Managing Lease Portfolios: How to Increase Return and Control Risk


Praise for Managing Lease Portfolios

"This is a tour de force of modern financial theory applied to the lease product. Logical and well written, it is a perfect blend of theory and application. The comprehensive examples, charts, equations, and references add tremendous insight into the unique issues associated with leasing. I know of no other text that integrates these concepts so successfully."
—James J. Jordan, CFA, SVP-Investments, Verizon Capital Corporation.

"Townsend ...

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Praise for Managing Lease Portfolios

"This is a tour de force of modern financial theory applied to the lease product. Logical and well written, it is a perfect blend of theory and application. The comprehensive examples, charts, equations, and references add tremendous insight into the unique issues associated with leasing. I know of no other text that integrates these concepts so successfully."
—James J. Jordan, CFA, SVP-Investments, Verizon Capital Corporation.

"Townsend Walker is widely recognized as one of the equipment leasing industry's foremost experts in advanced portfolio analytics and theory. Dr. Walker's work has helped leading equipment lessors more effectively analyze inherent risk and manage complex equipment portfolios."
—Rick Remiker, Managing Director, Merrill Lynch Capital Equipment Finance

"It is full of ideas and suggestions that should be interesting and valuable for people who are new to the field or are old hands. His explanation of the potential of lease portfolio risk management sets a high standard for the profession."
—John F. Rosenthal, Director of Risk Management, Boeing Capital Corporation

"Drawing upon elements of academia, a variety of financial disciplines, and his own extensive experience, Dr. Walker has created a work that is timely for the equipment leasing industry. For today's lessor, the ability to understand, quantify, and manipulate transaction risk and return is crucially important. To that end, Managing Lease Portfolios is a comprehensive guide and reference work that will be helpful for any lessor looking to gain a competitive edge in the rapidly changing equipment leasing industry."
—Stephen R. Harwood, President, Cypress Financial Corporation

"Whether analytical, theoretical, or practical, this book provides a comprehensive framework within which to understand risks in lease portfolios. This is a book people should read."
—Susan Noack, Vice President and Chief Risk Officer, GATX

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Product Details

  • ISBN-13: 9780471706304
  • Publisher: Wiley, John & Sons, Incorporated
  • Publication date: 10/5/2005
  • Series: Wiley Finance Series , #330
  • Edition number: 1
  • Pages: 206
  • Product dimensions: 6.22 (w) x 9.14 (h) x 0.85 (d)

Meet the Author

TOWNSEND WALKER is a partner of APERIMUS, a firm focused on identifying the sources of risk in leasing portfolios and devising structures to control those risks. He specializes in providing lessors with sophisticated modeling and structuring services, including comprehensive portfolio analysis, capital allocation, risk assessment, derivative structuring, and more. Most recently, Walker was a managing director at Banc of America Leasing & Capital Group, where he developed a portfolio model for leases and a lease valuation model. Walker received a PhD in economics from Stanford, an MA in economics from NYU, and a BS in foreign service from Georgetown University. He is also the author of A Guide for Using the Foreign Exchange Market (published by Wiley) and Managing Risk with Derivatives.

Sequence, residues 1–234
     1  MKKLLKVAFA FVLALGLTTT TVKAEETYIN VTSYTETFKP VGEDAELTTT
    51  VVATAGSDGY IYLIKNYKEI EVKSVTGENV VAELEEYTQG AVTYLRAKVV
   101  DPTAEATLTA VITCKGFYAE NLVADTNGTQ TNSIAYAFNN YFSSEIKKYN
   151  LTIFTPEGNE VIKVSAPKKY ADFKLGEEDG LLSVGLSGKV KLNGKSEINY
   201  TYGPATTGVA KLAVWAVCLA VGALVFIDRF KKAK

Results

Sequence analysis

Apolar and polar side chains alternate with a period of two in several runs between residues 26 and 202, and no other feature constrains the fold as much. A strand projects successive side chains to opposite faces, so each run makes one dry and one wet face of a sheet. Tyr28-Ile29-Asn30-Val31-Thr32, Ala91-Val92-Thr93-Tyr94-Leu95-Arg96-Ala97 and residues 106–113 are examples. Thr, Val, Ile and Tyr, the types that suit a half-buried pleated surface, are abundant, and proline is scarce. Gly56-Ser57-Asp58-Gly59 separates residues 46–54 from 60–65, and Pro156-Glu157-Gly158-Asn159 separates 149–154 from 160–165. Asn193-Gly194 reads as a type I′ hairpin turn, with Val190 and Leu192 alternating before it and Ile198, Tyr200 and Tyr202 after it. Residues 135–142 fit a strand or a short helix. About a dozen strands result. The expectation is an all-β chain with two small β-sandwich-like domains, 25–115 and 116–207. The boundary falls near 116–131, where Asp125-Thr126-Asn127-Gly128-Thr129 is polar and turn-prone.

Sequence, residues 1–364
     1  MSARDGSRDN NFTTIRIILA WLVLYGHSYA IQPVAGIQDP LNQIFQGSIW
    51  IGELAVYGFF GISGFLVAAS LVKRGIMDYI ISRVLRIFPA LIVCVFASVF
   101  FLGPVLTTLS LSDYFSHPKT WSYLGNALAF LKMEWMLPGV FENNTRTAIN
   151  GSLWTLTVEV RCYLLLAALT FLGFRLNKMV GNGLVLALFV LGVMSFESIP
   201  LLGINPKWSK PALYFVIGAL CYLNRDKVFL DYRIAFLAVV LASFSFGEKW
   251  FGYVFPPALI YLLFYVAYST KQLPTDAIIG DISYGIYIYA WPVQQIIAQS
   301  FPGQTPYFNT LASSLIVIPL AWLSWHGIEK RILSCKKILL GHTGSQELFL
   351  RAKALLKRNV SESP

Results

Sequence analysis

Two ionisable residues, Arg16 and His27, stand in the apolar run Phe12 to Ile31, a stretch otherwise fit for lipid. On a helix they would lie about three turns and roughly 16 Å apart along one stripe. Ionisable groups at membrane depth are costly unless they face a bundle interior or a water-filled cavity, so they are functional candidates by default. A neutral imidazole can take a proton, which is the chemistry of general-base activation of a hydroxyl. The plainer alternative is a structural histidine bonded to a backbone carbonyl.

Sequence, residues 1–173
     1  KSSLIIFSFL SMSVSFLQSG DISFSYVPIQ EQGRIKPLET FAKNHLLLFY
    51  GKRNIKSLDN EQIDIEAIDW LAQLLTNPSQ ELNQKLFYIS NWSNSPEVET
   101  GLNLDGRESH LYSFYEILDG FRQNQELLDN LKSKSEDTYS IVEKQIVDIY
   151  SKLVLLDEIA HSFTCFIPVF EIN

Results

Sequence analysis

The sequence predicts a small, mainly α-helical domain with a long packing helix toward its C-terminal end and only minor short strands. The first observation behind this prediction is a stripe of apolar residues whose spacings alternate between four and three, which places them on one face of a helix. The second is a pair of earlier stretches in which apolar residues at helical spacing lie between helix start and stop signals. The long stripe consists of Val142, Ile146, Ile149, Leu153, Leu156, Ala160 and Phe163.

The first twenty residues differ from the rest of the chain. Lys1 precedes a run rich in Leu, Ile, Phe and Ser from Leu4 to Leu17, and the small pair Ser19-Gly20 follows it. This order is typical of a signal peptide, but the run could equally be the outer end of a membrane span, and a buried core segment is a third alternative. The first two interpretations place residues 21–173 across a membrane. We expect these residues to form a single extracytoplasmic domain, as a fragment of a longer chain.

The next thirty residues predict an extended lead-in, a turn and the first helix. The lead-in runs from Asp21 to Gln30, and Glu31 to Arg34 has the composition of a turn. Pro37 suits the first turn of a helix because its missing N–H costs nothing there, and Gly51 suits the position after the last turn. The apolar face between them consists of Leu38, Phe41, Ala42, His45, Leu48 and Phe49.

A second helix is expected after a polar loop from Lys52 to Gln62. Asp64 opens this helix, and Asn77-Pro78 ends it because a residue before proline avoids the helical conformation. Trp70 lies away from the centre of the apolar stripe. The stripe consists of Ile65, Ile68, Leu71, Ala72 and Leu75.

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Read an Excerpt

Managing Lease Portfolios

By Townsend Walker

John Wiley & Sons

ISBN: 0-471-70630-2

Chapter One

What a Lease Looks Like

This chapter is an introduction to leases. One aim is to provide sufficient information about leases for those unfamiliar with them, but more importantly, the purpose is to orient you to a particular way of looking at a lease-as a bundle of cash flows that provides a return to the leasing company, with each cash flow changing in importance over time, and each cash flow being subject to certain risks.


According to a recent survey three of the main reasons a company leases equipment rather than buying it are:

1. Leasing equipment protects companies against owning equipment that may become technologically obsolete-that risk is shifted to the lessor.

2. Often the company does not have to show the equipment and the debt financing it on its balance sheet. On their face, the financials of the company leasing the equipment look better than they otherwise would.

3. The company leasing the equipment cannot make use of the depreciation benefits.


A lease is a contract that lets a company (lessee) rent equipment for a specified period of time. The rent is paid periodically throughout the term of the lease-every month, or every 3, 6, or 12 months. The leasing company (lessor) owns the equipment.

Lessors deduct the depreciation charges for the equipment from their income before calculating their taxes. Lessees receive part of the tax benefit of depreciation in the form of lower rent.

How a Lease Works

The way a lease works can be described in five steps:

1. A company needs new equipment. It specifies the make, model, and features, and negotiates the price with the manufacturer.

2. The company then negotiates an agreement with a lessor-how much rent, for how long, and what the equipment will be worth at the end of the lease.

3. The equipment is delivered. The company and the lessor make sure it is what was ordered. The lessor pays for it.